Movement rules that apply to semi-feral or wild ponies.

First published:
7 February 2019
Last updated:

Movement rules

Owners of horses must have an ID document or passport for each horse. When they apply for a passport, the animal must be micro-chipped.

Wild or semi wild horse and ponies can remain in a given area without either a passport or micro-chip, if:

  • they are part of a pre-defined population of wild or semi wild ponies (for example - Carneddau ponies)

We call this a derogation.

Why it is important to have this derogation

Semi-feral ponies are part of our landscape, culture and heritage. They provide conservation benefits, helping to maintain the ecology of their environment. The hardiness of the breed is maintained by where they live.

But many of the ponies (colt foals in particular) are of low value. So, it is uneconomic to passport and micro-chip them.

Owners need to manage their herds, this includes the disposal of surplus stock. The derogation allows owners to:

  • remove surplus animals without the extra cost of micro-chipping. The cost could be greater than the value of these animals
  • take animals to a slaughterhouse, as long as they can prove their identity

Could I apply for a derogation

If you have a semi-feral horse/pony grazing on commons, you could apply for a derogation. You would need to show us that:

  • you have detailed management plans in place for each pony
  • you have proof that the plans are in operation
  • the pony was uniquely identified
  • the pony was traceable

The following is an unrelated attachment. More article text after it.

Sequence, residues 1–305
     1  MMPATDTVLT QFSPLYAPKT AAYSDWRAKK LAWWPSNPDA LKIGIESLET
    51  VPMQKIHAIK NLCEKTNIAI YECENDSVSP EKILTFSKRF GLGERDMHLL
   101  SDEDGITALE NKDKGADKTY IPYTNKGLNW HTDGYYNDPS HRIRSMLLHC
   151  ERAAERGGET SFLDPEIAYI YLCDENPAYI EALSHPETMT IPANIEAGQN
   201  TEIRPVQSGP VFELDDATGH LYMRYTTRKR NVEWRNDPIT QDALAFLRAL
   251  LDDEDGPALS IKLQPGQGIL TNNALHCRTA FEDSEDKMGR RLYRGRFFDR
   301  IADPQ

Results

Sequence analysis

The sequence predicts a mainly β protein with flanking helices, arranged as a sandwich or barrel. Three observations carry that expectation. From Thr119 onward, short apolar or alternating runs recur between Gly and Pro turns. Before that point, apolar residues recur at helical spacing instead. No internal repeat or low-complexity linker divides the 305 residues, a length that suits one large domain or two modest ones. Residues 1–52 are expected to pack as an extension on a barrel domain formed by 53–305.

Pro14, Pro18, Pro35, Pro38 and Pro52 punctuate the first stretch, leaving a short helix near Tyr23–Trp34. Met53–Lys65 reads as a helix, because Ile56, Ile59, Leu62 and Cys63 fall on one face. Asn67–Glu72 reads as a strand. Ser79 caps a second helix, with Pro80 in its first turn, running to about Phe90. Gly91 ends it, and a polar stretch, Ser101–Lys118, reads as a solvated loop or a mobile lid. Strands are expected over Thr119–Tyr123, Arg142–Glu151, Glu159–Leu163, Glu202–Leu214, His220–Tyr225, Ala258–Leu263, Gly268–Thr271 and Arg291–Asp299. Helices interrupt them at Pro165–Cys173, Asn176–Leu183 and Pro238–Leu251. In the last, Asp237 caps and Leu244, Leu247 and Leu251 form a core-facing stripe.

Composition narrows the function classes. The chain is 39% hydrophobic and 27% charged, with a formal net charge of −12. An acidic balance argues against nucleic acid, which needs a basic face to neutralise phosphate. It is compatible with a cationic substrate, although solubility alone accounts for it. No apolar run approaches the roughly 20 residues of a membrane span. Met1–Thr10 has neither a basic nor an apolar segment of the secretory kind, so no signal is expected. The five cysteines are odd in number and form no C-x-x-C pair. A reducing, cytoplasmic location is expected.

We would need to show the European Commission that you were meeting the requirements of the Regulations. Then we could seek approval to put a derogation in place.   

Which organisations have obtained a derogation

The following organisations have obtained a derogation:

  • Cymdeithas Merlod y Carneddau – covering the Carneddau ponies of Northern Snowdonia. The Carneddau ponies are of Welsh Mountain type. Because of their unknown pedigrees they are not associated with a studbook. The ponies belong to members of the Cymdeithas Merlod y Carneddau. They have grazing rights on the commons know as Aber, Llanfairfechan and Llanllechid
  • Hill Pony Improvement Society of Wales (26 Pony Improvement Societies) -  covering a number of hills and commons in South and Mid Wales. These ponies are pure bred Welsh mountain ponies, sired by premium stallions. They are eligible for full registration with the Welsh Pony & Cob Society as semi-feral Welsh Mountain Ponies. The individual societies and the areas they cover are below